HTML only websites are making a comeback
About 20 years ago I dipped my toes for the first time into HTML and web design. Back then, creating a fully functional site with navigation menus and content articles was a very tedious job. Although each article was unique and got its own page, there were lots of repetitions between pages – mostly caused by the navigation menu that had to appear on each and every page. Not to mention that changing the style of the website was a project on its own.
That was not only my experience… but everyone else’s. People quickly adopted server-side technologies to assist with dynamic page generation and eliminate the redundancy in HTML sites. Request / Response type technologies were the norm:
- CGI (Perl scripts, etc.)
Soon after, CMS (Content Management System) industry started to explode. Currently there are countless of options, both paid and open-source for CMS systems. What was once just a pure HTML site, it is probably now a WordPress site with a full fledge DB and server technology behind. Sounds perfect! Right?
And still the industry is making a comeback. Some of the benefits of pure HTML sites such as speed, low server resources and most importantly scalability cannot be obtained with the new modern CMS technologies.
There are entire categories of web sites with the only purpose of presenting some static information to end-users. These sites are updated very rarely … but accessed many – many times by users in between updates. Examples:
- corporate websites
- portfolio sites
- help systems
For this kind of website is not worth the effort of maintaining an entire engine on the server with the only purpose of sending a “text” to the user. These sites can be created in HTML. But… if we give up to server-side technologies, how do we solve the repetition problem that we had also 20 years ago? Solution is to use a “static website generator”. There are tons of them!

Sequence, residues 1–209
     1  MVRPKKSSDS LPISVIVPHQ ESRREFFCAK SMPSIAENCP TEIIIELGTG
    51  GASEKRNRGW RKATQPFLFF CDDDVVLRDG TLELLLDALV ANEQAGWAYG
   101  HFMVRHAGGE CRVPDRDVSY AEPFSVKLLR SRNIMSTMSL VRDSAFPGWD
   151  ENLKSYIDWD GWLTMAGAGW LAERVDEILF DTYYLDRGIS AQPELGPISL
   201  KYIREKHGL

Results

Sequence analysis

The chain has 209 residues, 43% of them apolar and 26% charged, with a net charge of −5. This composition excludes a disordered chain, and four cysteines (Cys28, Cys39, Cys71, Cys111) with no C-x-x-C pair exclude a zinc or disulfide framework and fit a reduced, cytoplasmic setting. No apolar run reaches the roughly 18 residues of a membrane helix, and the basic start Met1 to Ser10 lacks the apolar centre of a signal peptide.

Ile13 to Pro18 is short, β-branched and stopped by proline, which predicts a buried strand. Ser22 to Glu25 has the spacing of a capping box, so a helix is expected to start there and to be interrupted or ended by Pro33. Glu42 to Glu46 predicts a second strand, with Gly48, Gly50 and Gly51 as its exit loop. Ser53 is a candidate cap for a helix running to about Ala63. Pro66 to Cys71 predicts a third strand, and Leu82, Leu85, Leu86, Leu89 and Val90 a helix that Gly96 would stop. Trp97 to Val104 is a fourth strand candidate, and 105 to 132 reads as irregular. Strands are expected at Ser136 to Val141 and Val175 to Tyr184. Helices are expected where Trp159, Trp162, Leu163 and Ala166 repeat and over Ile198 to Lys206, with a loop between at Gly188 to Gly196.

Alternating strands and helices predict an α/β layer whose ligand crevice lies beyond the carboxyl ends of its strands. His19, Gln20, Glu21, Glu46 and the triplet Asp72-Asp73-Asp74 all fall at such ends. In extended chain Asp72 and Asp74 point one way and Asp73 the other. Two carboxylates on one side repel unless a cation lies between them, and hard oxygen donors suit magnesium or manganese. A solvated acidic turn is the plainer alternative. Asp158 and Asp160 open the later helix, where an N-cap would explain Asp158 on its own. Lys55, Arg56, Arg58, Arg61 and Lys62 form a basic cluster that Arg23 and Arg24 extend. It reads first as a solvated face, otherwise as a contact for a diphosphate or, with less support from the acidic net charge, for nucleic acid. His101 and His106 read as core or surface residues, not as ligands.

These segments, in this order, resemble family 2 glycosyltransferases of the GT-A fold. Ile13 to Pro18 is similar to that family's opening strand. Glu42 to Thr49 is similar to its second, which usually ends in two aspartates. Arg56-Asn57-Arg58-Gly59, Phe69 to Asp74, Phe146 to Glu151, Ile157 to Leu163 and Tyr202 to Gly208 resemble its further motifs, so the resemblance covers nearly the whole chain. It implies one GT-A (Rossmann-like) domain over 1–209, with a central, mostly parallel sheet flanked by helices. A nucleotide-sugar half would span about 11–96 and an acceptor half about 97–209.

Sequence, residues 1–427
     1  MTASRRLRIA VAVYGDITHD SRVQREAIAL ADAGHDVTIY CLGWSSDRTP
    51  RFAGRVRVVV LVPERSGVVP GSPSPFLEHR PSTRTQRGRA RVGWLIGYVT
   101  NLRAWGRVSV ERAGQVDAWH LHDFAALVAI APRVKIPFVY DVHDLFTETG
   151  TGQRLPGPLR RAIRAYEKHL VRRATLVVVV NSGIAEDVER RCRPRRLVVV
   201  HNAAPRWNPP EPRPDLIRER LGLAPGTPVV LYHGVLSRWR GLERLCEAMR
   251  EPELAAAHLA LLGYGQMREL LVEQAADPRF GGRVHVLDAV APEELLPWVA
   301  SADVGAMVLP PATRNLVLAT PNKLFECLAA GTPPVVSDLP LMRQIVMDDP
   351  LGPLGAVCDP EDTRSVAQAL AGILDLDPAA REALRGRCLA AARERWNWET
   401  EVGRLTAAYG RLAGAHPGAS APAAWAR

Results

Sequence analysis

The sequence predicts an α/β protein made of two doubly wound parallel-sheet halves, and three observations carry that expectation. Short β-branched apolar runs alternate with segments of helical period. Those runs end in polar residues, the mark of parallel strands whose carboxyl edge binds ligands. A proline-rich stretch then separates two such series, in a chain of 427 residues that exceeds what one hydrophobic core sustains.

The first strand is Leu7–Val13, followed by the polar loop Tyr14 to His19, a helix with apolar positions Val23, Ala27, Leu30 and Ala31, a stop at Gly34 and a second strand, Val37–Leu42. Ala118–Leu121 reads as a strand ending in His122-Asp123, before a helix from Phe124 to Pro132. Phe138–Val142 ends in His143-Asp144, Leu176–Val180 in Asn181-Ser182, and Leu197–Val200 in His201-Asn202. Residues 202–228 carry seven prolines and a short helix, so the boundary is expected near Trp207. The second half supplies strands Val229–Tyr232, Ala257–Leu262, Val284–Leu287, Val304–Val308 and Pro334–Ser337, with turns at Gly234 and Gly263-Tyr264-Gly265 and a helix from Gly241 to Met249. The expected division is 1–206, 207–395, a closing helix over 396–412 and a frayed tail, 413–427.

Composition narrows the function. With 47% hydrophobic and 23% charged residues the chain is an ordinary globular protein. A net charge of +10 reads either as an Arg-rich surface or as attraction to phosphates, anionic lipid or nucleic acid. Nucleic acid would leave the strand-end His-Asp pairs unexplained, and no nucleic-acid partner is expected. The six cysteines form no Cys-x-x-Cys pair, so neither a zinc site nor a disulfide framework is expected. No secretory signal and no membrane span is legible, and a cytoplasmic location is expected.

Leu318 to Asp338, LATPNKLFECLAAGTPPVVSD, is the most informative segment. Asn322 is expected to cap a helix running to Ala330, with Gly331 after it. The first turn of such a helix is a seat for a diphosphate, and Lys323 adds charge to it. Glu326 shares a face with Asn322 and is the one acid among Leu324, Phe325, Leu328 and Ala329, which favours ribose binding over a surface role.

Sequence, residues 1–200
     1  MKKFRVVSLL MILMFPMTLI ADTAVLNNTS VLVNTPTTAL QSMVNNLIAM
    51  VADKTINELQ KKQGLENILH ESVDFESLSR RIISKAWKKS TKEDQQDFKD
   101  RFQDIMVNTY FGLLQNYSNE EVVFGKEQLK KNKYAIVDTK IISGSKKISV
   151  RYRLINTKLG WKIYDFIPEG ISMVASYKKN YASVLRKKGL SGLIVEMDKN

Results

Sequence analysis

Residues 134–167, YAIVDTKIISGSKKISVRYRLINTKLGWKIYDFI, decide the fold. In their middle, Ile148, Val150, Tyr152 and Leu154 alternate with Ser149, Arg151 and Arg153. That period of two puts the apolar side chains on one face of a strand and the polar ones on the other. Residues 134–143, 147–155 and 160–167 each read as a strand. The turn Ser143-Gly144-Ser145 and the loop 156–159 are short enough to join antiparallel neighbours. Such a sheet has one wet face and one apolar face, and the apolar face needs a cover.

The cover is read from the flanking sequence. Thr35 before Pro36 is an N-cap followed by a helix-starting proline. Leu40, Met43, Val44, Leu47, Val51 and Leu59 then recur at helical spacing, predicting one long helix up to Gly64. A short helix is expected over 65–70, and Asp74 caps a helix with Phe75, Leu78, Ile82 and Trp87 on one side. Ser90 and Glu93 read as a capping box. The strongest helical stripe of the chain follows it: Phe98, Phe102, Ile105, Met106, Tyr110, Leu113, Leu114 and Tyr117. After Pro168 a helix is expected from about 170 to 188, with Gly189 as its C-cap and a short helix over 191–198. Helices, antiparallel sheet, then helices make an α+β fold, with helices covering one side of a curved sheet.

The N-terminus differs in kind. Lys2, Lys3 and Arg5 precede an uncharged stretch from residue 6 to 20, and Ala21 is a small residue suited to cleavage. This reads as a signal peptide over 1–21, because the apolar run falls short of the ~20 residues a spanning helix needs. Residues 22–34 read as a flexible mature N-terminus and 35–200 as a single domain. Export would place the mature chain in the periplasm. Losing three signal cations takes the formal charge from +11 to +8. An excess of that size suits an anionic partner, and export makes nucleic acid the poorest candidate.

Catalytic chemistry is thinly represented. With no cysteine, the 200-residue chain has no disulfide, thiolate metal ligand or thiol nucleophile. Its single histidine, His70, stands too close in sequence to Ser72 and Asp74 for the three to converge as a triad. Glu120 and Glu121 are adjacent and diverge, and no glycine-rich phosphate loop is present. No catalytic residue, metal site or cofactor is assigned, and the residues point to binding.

They work by making use of templating and markdown technologies to heavy lift the task of repetition from the developer therefore eliminating human errors. Static site generators make complex sites such as blog easy to develop and maintain, developers focusing just on the template, leaving the tool the task of compilation and production of standard HTML files.
Perhaps the most common static site generator is Jekyll (http://jekyllrb.com/). I discovered Jekyll when I first opened my GitHub account. Jekyll is backed by GitHub. And since GitHub allows you to host static websites, a lot of people are using Jekyll to generate these sites.
But Jekyll is not the only one. Another popular option is Hugo (https://gohugo.io/) - a very fast and standalone website generator written in Go.
Middleman (https://middlemanapp.com/) and Roots (http://roots.cx/) are other 2 popular options.
Static sites are huge again. Big corporations are using them to get the benefits. Healthcare.gov switched from a CMS system to a static site implemented with Jekyll.
So… question is: what are you doing for those very few situations when you need to persist some data? Well – the good news is that cloud computing has the answer. With advances in BaaS (Backend as a Service) and DBaaS (Database as a Service) you can basically skip altogether the server-side code in your application and relay on cloud services for that – more about this in a future article.